> between these two extremes. Here we explore simple models of networks =
> that can be tuned through this middle ground: regular networks =
> 'rewired' to introduce increasing amounts of disorder.
The observation I found most interesting in this paper was the contrast =
between local and global network properties:
1) One can look at local properties, such as degree of clustering. In a =
regular network, most neighbors of a node are also neighbors of each othe=
r. =
In a random network, most neighbors of a node are not neighbors of each o=
ther.
2) One can also look at global properties, such as average number of hops=
=
between two nodes in the network. Compared to regular networks, random =
networks have much shorter characteristic path lengths (log N:N?).
3) These relationships seem simple enough: consider the set of nodes whic=
h are =
reachable in a given number of hops. Because of the high clustering, one=
more =
hop on a regular network doesn't yield many new nodes. On the other hand=
, the =
low clustering on a random network means that an additional hop yields mo=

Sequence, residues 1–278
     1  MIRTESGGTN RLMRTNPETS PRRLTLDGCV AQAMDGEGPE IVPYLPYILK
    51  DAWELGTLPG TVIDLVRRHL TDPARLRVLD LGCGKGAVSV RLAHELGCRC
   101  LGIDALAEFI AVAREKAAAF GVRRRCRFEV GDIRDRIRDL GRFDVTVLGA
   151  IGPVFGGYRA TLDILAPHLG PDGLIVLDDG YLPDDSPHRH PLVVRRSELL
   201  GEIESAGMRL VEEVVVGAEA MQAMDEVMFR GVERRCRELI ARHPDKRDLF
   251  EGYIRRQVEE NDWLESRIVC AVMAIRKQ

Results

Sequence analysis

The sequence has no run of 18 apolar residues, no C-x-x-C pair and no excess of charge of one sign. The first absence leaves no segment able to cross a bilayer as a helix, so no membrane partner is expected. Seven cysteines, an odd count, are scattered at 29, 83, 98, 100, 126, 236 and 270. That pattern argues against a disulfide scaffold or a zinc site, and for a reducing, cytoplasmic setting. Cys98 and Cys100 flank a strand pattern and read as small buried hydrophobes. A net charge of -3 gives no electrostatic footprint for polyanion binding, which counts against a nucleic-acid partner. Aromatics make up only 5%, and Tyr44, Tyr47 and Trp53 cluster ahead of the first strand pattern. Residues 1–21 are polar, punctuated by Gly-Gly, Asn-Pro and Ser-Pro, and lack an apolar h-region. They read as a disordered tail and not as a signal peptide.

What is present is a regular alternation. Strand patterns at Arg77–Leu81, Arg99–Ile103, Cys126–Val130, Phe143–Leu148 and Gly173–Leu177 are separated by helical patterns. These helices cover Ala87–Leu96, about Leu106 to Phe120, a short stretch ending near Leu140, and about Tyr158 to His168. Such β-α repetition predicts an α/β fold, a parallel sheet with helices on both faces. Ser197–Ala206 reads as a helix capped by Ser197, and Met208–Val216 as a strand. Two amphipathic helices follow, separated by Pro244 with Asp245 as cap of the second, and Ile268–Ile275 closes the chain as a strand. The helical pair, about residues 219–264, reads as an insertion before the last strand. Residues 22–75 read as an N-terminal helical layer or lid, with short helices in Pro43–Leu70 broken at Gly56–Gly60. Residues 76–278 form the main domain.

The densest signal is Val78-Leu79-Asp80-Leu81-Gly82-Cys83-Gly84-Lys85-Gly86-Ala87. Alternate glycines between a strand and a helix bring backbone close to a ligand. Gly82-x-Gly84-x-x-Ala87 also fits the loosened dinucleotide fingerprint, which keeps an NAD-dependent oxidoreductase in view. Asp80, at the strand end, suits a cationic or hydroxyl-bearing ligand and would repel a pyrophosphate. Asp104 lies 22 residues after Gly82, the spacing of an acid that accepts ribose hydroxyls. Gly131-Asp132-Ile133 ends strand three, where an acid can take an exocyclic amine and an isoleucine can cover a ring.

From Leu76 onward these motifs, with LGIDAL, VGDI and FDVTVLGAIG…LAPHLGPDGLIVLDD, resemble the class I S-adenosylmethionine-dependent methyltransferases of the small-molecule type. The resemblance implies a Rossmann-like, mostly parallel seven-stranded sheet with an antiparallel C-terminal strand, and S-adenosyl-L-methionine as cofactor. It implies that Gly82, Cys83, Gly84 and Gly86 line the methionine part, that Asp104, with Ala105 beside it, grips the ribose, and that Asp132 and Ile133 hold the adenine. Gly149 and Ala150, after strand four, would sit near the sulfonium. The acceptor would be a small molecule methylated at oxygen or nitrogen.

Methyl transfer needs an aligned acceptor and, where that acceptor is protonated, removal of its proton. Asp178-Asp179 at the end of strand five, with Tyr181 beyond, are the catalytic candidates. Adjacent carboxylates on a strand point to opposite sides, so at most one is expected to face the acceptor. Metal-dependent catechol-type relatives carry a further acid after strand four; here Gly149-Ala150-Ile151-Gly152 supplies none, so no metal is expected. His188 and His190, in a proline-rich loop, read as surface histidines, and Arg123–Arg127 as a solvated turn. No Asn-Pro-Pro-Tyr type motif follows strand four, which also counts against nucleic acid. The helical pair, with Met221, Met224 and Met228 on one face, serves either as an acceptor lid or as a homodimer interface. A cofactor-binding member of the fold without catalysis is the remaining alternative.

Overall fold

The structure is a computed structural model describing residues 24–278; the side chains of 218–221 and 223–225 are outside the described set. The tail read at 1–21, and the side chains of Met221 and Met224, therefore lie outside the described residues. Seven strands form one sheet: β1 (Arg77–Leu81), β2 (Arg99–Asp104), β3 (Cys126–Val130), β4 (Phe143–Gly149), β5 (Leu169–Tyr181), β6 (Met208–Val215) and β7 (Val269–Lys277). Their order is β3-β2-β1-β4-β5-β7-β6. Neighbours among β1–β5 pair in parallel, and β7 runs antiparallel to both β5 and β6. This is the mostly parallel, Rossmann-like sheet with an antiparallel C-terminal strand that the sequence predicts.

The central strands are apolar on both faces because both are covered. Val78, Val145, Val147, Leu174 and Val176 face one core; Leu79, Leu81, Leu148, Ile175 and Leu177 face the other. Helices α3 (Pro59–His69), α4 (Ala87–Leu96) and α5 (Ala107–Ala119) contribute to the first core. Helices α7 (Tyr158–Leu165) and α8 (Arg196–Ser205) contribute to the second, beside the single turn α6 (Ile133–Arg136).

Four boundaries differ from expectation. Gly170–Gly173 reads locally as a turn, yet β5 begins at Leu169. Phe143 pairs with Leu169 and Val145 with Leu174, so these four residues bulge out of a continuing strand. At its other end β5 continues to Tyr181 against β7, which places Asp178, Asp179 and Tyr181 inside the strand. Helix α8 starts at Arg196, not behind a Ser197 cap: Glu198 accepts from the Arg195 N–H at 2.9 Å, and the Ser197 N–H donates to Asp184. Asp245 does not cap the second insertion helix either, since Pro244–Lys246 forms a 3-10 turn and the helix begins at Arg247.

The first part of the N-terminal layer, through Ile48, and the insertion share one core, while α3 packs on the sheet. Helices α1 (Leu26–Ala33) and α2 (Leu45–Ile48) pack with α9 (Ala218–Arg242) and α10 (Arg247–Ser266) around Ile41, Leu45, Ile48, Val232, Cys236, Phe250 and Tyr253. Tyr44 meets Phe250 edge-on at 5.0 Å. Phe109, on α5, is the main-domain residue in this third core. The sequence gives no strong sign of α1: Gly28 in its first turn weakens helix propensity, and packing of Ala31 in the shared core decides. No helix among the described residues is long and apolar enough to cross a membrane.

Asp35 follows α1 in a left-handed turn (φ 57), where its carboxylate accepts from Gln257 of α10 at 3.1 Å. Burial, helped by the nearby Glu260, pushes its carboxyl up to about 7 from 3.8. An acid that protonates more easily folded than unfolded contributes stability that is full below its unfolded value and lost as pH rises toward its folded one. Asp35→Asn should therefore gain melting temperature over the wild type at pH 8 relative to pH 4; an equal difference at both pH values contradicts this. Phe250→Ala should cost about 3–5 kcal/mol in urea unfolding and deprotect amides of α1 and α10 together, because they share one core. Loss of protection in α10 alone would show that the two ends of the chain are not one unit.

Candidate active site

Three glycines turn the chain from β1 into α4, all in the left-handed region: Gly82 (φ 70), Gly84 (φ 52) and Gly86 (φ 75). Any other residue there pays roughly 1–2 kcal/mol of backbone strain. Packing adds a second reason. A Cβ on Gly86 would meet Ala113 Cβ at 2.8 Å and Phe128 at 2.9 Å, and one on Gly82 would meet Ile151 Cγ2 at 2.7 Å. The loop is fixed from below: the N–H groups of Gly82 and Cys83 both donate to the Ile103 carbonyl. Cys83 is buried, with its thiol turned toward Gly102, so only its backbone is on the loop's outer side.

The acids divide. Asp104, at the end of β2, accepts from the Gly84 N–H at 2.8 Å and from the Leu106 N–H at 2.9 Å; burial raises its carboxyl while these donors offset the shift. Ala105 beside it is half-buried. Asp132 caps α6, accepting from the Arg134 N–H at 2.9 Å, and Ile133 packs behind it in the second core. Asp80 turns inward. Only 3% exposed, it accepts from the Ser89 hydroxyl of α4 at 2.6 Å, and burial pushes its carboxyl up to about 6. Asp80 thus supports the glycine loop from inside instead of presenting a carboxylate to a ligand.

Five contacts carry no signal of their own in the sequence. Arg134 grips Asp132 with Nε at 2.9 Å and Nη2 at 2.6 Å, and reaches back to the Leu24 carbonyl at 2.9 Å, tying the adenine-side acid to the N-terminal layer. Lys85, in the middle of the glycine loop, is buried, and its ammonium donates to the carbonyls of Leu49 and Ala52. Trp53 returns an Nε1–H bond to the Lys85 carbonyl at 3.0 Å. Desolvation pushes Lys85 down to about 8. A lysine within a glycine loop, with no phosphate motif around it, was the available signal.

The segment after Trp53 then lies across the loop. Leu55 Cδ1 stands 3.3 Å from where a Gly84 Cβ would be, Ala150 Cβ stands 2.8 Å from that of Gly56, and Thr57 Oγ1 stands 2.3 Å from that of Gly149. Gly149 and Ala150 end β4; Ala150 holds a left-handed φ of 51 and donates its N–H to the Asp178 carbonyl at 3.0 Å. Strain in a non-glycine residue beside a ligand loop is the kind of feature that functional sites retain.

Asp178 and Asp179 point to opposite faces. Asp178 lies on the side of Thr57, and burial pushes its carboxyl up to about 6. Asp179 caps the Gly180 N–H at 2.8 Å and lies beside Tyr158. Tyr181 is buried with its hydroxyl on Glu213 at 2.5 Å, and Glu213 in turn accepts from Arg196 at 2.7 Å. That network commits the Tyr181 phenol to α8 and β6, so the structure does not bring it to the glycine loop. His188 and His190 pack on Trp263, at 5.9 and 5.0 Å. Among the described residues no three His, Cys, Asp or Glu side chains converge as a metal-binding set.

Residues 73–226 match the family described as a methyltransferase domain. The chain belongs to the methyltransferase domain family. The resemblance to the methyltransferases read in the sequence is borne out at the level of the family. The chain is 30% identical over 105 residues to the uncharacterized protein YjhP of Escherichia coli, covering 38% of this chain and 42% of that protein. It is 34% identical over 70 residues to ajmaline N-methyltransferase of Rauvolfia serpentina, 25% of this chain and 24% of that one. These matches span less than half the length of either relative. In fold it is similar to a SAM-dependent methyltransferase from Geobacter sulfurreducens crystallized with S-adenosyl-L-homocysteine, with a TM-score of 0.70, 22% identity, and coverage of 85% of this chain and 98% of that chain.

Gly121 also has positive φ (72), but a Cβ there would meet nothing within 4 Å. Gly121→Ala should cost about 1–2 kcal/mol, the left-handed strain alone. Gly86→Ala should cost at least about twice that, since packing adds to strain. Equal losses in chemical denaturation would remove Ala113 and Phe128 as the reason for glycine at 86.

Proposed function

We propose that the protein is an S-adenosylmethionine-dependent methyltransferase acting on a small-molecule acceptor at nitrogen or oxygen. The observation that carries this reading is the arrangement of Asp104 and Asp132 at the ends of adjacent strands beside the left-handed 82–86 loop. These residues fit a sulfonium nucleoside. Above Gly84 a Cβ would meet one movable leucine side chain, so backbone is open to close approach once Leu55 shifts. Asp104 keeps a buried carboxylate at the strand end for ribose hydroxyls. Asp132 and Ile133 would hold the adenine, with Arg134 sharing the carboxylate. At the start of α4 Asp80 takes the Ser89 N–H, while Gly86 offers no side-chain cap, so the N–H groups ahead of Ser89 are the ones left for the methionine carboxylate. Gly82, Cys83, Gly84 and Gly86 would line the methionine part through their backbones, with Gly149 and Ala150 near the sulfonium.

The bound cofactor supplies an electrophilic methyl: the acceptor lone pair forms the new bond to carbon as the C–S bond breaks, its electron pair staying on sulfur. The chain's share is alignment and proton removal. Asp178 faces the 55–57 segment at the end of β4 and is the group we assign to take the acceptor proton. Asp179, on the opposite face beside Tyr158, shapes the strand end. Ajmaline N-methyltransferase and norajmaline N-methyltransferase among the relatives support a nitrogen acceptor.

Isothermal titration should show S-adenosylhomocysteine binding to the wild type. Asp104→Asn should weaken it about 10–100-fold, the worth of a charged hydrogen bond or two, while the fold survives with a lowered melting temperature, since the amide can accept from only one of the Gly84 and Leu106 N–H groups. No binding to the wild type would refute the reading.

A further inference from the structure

stly =
new nodes. So degree of clustering and path length seem to vary together=
=2E
4) However, it turns out that a few random connections will suffice to pr=
ovide =
the difference in path length: the network still appears locally regular =
(local measures give high clustering values), yet has a (global) short =
characteristic path length. (Removing a regular connection and replacing=
it =
with a random one doesn't reduce the local degree of clustering significa=
ntly, =
but does introduce a "long range" connection which has a significant effe=
ct on =
global connectivity)
Now, how do we route to take advantage of a small-world network?
-Dave
(not Long-Bacon-Driver-Kleitman-Erd=F6s)